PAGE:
The three-student team, one of the Society for Industrial and Applied Mathematics’ research projects, is trying to reach a speed of 100 mph, surpassing the current Guinness record of 56 mph. The team strives to exceed the record by eliminating the battery power and relying strictly on solar energy.
A solar car without a battery could go faster because the car will be lighter. Without the extra power the battery supplies, the group has to design a more efficient vehicle, which requires only power supplied by solar cells, Luke Stover, fourth-year physics and adolescent education double major, said.
According to Stover, all three students were involved in SIAM prior to the start of this group, and were all interested in discovering the research and background behind designing a solar car. Faculty mentor, Diego Dominici, gathered the students and started the project.
“Don’t expect a complete car at the end of the semester,” Stover added. “This year we will be working on the theoretical car design.”
The team last year attempted to break the record but could not because they did not emphasize the mathematical process behind reaching the maximum speed, Colin Morrell, fourth-year physics major, said.
“The equation didn’t work out for the team last year because they used too much negative force and not enough positive force,” he said.
Energy from the sun is the positive force that they have on their side, Stover explained, while the negative forces are what fight against the car. Air pushing around the car at high speeds and the friction of wheels against the road are the negative forces, which prevent movement.
The team this year will be taking a different approach by concentrating on mathematics in the research process. The group will also be receiving help and funding from the Academic Year Undergraduate Research Experience program, which connects the undergraduate students with a faculty mentor to further the educational experience in their field of studies. The faculty mentors direct and guide the students in the projects during the semester. Each student meets with their faculty mentor every week to discuss progress and problems that occur during the semester.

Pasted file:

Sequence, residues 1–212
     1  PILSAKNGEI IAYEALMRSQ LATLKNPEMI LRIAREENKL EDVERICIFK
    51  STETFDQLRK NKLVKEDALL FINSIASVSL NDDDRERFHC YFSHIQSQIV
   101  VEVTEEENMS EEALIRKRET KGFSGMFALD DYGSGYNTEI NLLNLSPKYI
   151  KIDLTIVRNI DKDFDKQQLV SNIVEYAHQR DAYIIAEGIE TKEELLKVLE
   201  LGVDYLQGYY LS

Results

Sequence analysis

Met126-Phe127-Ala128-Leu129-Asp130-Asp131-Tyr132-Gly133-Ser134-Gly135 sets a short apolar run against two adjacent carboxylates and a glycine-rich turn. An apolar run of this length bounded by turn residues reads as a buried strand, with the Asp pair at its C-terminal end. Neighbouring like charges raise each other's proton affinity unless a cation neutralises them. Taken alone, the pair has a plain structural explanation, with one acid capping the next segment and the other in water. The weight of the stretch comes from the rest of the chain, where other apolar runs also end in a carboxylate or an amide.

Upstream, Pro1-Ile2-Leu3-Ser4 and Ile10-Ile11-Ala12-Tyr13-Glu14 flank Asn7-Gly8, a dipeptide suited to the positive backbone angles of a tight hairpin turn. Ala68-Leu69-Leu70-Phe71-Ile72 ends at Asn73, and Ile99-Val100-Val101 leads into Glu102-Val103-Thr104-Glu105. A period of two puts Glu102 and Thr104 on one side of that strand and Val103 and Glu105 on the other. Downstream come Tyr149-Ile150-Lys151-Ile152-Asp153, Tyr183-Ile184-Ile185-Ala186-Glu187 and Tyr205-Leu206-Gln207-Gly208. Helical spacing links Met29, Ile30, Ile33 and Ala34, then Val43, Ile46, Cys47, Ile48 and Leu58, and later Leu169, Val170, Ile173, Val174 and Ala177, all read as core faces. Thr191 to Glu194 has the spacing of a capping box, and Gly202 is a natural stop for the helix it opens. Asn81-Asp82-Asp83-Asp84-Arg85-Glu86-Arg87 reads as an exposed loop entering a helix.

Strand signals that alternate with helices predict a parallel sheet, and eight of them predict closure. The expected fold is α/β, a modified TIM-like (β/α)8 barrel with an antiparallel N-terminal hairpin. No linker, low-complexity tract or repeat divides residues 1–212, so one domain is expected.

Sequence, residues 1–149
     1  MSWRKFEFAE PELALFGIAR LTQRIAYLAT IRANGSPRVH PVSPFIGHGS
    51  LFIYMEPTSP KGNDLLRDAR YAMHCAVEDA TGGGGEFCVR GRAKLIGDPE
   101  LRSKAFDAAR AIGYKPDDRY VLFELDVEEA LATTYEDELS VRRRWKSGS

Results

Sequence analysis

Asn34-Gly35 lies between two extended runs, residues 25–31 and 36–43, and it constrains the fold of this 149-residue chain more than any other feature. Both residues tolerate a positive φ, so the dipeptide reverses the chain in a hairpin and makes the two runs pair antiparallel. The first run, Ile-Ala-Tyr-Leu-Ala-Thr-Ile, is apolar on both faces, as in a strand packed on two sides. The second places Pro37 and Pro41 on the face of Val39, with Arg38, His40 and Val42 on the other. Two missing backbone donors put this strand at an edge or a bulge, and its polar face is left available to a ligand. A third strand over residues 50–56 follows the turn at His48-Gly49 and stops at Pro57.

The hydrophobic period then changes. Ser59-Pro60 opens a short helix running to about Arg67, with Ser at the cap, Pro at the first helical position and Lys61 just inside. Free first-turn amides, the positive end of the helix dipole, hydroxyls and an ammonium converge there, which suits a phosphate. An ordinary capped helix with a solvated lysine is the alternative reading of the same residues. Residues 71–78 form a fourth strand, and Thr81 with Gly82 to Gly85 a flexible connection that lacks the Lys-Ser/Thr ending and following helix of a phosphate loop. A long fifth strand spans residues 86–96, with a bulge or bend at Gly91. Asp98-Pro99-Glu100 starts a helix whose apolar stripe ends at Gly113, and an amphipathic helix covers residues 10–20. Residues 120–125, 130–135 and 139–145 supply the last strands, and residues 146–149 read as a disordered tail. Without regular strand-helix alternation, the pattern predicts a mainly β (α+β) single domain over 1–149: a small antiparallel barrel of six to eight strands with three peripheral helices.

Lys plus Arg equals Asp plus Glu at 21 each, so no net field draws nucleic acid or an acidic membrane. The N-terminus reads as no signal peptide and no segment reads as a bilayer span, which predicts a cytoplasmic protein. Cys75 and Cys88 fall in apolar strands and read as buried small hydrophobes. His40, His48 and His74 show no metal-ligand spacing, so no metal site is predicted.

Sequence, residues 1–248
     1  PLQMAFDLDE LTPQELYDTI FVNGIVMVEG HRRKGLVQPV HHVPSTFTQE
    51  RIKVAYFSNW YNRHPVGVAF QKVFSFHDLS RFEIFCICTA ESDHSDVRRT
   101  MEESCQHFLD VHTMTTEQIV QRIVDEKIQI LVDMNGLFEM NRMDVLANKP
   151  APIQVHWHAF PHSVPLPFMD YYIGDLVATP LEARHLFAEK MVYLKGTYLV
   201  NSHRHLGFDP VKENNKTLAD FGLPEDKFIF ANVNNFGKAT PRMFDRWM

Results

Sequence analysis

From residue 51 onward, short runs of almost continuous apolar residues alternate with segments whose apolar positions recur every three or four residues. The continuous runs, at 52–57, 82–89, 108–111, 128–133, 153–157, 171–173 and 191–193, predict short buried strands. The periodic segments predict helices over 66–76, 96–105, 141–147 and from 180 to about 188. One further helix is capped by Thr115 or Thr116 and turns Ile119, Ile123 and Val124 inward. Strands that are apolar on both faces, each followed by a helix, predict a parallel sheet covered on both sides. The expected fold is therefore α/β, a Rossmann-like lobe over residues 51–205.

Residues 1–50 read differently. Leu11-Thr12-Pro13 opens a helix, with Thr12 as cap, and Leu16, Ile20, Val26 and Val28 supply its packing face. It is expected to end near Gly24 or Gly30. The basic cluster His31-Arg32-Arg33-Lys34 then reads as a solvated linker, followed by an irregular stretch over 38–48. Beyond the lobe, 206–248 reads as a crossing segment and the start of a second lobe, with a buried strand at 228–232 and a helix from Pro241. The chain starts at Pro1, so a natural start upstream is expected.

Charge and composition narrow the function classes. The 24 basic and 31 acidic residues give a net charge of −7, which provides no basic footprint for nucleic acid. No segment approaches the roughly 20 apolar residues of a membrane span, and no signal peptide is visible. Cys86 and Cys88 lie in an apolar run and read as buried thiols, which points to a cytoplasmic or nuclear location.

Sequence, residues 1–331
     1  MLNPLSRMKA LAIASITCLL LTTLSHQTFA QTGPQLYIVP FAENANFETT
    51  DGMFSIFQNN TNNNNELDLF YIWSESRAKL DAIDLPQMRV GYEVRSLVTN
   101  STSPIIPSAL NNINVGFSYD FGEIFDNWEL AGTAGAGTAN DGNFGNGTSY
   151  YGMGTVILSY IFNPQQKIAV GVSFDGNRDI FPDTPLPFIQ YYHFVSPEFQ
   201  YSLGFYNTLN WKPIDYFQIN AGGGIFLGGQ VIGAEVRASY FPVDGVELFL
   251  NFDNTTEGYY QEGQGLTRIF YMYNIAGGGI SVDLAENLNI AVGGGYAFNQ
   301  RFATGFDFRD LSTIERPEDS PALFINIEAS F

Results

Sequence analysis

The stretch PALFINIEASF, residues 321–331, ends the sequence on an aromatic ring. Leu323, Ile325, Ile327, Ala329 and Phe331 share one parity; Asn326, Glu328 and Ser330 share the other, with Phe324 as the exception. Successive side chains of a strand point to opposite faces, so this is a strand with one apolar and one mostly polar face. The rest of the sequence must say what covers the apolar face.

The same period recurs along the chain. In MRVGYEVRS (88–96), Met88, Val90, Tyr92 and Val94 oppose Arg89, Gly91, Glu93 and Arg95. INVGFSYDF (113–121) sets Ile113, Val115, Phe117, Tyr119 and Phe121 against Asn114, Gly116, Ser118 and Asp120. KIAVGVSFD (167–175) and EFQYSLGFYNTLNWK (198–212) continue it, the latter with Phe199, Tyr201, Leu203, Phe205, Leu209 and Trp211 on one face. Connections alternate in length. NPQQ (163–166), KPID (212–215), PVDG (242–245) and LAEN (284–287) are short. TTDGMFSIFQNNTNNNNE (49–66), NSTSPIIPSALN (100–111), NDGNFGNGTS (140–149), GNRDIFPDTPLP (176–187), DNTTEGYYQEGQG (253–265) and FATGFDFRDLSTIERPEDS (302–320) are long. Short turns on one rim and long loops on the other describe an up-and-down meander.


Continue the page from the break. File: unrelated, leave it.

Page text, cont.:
AYURE, a SUNY New Paltz funded program, provides the researchers with textbooks and computer programs for evaluating equations, totaling $750.
Stover said the group, throughout the semester, will be applying Newton’s laws of physics and tweaking with force equations for drag and rolling resistance, to get a solid background in the theoretical design. They will also be exploring exotic aerodynamic touches, using inspiration from airplanes and hang gliders, and applying them to the aerodynamical design of the car, Joe Ruotolo, fifth-year physics major said.
The group plans to name their car after the sugar glider, an aerodynamic mammal in Australia. When this animal’s legs are stretched out, it’s membrane allows glide distances of 50 to 150 meters. The team stumbled upon this animal during their research and began studying its habits and forms of movement.
The research team plans on building the solar car in the summer or fall semester, if they have enough funding. Building the car will cost more than $100,000, Stover said.
The students stress that it is a lot easier for corporate sponsors to fund a project like this if they can see the mathematical background and that they can actually build this design using the equations.
“Doing the mathematical background and research is the preliminary step to gain more capital to open new funding and receive new grants,” Ruotolo said.
The solar car team will share their results and research at the Hudson River Undergraduate Mathematics Conference in Springfield, Mass. on April 21, and at a research symposium at the SUNY New Paltz Sojourner Truth Library on May 6.
For information, contact the solar car team at SIAMNP1@gmail.com.